Now that I look at this Blue Quill, I think my proportions are off a bit – the thorax should have been dubbed a little smaller. Ah, it should work on a fish somewhere, sometime. Also, I tied the hackle onto the post in the opposite fashion than I usually do – backwards to conventional tying. I believe that tyers ‘normally’ tie the hackle so the concave side faces up on the post (like that on the Blue Quill on the left). I usually tie it facing down – I prefer it this way. On the Blue Quill though, I’m pretty sure I tied it ‘up’ and on the Quill Gordon, I tied it facing down.

A casual glance at these last 2 images might cause someone to think they are the same, or nearly the same, size. You’ve got to use how big the clip holding the fly looks relative to the hook/fly in order to get a sense of how large/small the fly really is. That Blue Quill is 2 sizes smaller (an 18) than the Quill Gordon (a 14). Again, they’re tied on Tiemco 101s.

Last tying note, these flies have the hackle tied off on their posts.

Anyway, we’re getting close folks… real close! With the weather breaking into full on spring (maybe not full on spring as I write this… but soon), the official opener of the trout season, the first SRS meeting of the season – and with pictures taken of flies tied!

As always, send me pictures or flies to take pictures of and I’ll get them posted here in a future Friday Night Flies – NAHOOP (contact us at slaterunsportsmen@gmail.com for arrangements)! And I want to thank ‘The Neighbor’ and Mike Brunner, one more time, for sharing their ties in the past. It really makes creating this post a little easier!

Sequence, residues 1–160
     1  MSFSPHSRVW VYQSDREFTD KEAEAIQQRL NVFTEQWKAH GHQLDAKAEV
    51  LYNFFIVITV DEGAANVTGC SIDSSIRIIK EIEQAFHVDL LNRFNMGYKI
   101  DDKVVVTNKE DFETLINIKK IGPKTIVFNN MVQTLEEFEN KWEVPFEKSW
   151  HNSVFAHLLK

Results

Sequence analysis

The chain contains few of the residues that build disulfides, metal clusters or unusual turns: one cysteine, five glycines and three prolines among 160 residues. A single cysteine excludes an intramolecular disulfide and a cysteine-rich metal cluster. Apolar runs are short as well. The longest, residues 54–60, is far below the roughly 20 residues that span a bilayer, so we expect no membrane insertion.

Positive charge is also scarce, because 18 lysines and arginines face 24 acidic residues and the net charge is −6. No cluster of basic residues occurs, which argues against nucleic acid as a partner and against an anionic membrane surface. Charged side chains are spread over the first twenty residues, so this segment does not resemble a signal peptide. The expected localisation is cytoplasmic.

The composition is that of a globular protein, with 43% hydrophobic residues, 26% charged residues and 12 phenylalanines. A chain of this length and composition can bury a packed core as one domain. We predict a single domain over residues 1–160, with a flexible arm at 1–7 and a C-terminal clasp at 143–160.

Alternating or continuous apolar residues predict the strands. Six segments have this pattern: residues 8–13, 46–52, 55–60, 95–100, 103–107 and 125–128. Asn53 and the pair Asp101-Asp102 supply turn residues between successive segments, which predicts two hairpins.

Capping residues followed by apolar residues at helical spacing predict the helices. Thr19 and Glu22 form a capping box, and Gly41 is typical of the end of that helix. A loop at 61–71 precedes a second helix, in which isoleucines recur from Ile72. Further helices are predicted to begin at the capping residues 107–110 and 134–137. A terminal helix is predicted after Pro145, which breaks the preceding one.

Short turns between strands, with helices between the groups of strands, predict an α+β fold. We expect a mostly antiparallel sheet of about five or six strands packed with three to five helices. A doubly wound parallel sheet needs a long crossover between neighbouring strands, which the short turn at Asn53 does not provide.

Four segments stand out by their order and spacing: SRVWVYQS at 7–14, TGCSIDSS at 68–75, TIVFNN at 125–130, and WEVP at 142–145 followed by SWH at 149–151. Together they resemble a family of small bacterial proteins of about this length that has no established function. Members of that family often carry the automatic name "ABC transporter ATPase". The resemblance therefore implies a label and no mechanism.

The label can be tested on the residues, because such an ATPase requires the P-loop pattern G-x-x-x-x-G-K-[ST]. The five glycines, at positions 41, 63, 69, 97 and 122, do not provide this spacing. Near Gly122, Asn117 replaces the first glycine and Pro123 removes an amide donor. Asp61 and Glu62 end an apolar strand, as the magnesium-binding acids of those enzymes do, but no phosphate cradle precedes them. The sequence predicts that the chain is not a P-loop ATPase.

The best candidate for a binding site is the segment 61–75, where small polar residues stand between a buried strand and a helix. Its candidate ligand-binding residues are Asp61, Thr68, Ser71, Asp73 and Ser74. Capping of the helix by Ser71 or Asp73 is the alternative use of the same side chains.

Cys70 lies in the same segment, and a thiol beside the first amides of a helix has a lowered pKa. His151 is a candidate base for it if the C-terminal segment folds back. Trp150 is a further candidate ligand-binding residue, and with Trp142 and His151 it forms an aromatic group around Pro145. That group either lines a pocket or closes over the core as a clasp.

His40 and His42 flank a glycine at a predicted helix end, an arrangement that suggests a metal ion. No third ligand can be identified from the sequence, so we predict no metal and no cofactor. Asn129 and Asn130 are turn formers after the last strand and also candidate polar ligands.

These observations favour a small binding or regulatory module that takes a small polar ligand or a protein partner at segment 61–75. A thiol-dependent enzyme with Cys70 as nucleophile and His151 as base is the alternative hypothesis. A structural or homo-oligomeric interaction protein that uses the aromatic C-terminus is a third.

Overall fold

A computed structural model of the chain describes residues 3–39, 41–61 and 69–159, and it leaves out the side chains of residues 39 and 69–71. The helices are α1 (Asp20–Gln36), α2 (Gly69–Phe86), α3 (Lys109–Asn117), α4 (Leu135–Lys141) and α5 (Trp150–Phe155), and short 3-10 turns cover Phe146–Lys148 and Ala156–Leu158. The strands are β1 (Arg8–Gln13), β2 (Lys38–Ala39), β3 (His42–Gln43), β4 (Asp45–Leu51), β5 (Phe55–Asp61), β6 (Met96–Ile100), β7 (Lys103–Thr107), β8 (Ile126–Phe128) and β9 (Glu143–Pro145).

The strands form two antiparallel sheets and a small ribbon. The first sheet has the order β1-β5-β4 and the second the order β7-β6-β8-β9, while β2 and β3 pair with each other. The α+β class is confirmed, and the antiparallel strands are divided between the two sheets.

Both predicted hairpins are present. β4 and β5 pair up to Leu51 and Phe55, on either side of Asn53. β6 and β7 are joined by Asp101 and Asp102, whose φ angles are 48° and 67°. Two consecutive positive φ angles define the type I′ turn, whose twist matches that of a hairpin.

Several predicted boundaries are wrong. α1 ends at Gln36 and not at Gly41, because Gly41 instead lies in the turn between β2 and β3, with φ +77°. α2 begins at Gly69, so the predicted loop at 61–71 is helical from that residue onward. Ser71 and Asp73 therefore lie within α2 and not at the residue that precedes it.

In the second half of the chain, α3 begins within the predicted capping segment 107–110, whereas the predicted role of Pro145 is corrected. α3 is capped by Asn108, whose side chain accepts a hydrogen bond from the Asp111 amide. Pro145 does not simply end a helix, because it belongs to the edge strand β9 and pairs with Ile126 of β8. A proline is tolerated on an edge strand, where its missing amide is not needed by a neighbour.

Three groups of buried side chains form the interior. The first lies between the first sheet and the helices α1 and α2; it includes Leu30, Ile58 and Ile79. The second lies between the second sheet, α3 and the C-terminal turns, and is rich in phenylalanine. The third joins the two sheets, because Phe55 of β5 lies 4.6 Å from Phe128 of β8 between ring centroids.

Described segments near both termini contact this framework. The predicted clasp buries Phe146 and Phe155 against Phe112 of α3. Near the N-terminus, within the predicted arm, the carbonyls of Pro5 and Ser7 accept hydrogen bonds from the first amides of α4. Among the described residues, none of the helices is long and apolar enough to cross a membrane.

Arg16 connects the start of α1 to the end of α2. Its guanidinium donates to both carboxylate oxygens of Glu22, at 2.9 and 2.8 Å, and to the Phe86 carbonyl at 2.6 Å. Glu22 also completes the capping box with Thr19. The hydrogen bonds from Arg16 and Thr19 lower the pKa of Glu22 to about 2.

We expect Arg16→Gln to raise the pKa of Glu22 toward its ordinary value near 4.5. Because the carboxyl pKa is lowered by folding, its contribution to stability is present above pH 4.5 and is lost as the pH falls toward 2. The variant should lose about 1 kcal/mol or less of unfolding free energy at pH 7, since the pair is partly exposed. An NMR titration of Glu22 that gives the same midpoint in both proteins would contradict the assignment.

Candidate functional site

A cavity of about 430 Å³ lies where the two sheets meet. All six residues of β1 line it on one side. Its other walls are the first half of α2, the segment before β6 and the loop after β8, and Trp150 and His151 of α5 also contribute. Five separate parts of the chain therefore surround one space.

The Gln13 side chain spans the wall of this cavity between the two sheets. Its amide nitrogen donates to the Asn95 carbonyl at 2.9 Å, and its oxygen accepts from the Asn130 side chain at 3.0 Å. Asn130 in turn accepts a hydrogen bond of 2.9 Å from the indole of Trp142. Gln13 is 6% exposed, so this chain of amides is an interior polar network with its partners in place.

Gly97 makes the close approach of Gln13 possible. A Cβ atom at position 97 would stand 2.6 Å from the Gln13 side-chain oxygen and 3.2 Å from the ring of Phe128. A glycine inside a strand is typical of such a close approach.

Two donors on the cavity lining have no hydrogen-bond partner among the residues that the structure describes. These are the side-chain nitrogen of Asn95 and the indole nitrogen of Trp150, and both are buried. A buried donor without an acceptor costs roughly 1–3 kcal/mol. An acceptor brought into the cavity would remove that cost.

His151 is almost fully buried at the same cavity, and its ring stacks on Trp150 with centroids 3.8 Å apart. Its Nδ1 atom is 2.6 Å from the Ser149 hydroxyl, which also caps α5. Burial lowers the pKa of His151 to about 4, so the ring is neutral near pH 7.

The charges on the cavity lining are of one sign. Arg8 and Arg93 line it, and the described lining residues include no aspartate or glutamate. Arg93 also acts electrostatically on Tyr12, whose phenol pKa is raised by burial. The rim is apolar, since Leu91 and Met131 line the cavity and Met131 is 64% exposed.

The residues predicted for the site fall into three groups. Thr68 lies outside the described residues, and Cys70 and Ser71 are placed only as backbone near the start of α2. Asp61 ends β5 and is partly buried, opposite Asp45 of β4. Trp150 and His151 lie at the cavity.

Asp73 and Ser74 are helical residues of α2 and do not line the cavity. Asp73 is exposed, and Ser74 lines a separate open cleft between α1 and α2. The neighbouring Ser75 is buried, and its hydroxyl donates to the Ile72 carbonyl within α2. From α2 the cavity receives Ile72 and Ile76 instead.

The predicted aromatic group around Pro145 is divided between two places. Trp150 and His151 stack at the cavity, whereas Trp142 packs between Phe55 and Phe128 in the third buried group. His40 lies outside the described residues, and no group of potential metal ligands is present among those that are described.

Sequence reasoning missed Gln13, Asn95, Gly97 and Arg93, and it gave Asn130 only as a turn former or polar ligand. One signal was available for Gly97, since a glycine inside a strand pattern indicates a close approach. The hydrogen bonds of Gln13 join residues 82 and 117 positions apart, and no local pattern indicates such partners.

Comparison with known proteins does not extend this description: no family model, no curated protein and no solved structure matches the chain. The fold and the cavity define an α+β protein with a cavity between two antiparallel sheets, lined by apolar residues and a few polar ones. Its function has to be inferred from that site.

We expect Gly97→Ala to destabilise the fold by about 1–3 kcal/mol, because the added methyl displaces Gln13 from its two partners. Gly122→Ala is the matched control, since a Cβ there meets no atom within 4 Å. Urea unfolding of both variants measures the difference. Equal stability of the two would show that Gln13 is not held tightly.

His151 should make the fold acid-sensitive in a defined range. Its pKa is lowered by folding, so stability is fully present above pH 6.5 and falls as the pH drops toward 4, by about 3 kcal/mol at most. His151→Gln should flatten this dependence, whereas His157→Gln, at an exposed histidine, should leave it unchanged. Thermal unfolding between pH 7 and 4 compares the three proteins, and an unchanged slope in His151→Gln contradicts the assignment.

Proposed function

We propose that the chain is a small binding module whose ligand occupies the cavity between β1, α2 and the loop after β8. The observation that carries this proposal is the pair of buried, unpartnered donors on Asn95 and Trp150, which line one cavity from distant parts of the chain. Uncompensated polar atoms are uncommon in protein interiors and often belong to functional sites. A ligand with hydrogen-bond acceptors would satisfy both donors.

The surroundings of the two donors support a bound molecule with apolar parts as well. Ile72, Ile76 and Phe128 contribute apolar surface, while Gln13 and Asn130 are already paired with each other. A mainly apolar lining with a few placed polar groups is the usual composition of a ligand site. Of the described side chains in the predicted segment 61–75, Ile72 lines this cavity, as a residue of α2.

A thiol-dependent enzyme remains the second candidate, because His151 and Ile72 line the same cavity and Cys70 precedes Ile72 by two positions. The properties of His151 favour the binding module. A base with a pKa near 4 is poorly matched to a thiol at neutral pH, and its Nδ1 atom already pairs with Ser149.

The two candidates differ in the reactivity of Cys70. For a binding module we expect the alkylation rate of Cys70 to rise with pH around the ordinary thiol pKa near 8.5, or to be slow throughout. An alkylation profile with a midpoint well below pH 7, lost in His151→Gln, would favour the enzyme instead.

Till we see each other again, and reporting from Slate Run, I’m an Unintentional Blogger… aka UB!

Bonus Coverage of ‘Getting Close’

The black stone, that I previously shared toward the end of the article, featured in the 3-11-2022 NAHOOP post – works. It’s not speculation now, here’s the evidence.

It’s no doubt a Brown Trout Club offering – thank you very much Brown Trout Club! I saw black stoneflies fluttering cross-current so I used the black stone that I tied a week or so ago. There were a few fish rising and close to shore. I didn’t get wet, I didn’t even put the warders or wading boots on! I was witnessing fish behavior that I’ve read about before – where they were keyed in on the stoneflies movement which was heading to the shoreline – thus the fish were ‘in close’. Talk about getting close! In one case they seemed to be just beyond the tiptop of the rod as I fished. A rare moment.

Till we… you know the rest… UB